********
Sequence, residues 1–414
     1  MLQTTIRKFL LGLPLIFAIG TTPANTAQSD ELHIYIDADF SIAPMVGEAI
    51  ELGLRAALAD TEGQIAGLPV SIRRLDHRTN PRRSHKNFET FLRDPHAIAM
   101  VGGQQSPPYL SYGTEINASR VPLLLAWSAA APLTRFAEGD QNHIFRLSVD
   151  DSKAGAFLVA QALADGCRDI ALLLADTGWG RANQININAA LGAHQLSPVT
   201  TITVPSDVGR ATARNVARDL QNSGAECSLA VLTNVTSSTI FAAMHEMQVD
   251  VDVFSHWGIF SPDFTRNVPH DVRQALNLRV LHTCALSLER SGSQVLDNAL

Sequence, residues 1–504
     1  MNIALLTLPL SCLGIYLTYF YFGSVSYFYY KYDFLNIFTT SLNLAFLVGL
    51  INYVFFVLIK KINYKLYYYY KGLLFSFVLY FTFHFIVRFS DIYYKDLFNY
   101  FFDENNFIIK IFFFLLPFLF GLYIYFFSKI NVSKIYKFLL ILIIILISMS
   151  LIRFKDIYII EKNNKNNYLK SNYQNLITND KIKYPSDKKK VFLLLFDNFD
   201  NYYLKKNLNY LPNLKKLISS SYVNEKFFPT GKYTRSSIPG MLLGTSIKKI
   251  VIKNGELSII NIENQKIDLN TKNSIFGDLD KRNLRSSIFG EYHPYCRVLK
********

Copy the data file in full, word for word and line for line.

Sequence, residues 1–414
     1  MLQTTIRKFL LGLPLIFAIG TTPANTAQSD ELHIYIDADF SIAPMVGEAI
    51  ELGLRAALAD TEGQIAGLPV SIRRLDHRTN PRRSHKNFET FLRDPHAIAM
   101  VGGQQSPPYL SYGTEINASR VPLLLAWSAA APLTRFAEGD QNHIFRLSVD
   151  DSKAGAFLVA QALADGCRDI ALLLADTGWG RANQININAA LGAHQLSPVT
   201  TITVPSDVGR ATARNVARDL QNSGAECSLA VLTNVTSSTI FAAMHEMQVD
   251  VDVFSHWGIF SPDFTRNVPH DVRQALNLRV LHTCALSLER SGSQVLDNAL

Sequence, residues 1–504
     1  MNIALLTLPL SCLGIYLTYF YFGSVSYFYY KYDFLNIFTT SLNLAFLVGL
    51  INYVFFVLIK KINYKLYYYY KGLLFSFVLY FTFHFIVRFS DIYYKDLFNY
   101  FFDENNFIIK IFFFLLPFLF GLYIYFFSKI NVSKIYKFLL ILIIILISMS
   151  LIRFKDIYII EKNNKNNYLK SNYQNLITND KIKYPSDKKK VFLLLFDNFD
   201  NYYLKKNLNY LPNLKKLISS SYVNEKFFPT GKYTRSSIPG MLLGTSIKKI
   251  VIKNGELSII NIENQKIDLN TKNSIFGDLD KRNLRSSIFG EYHPYCRVLK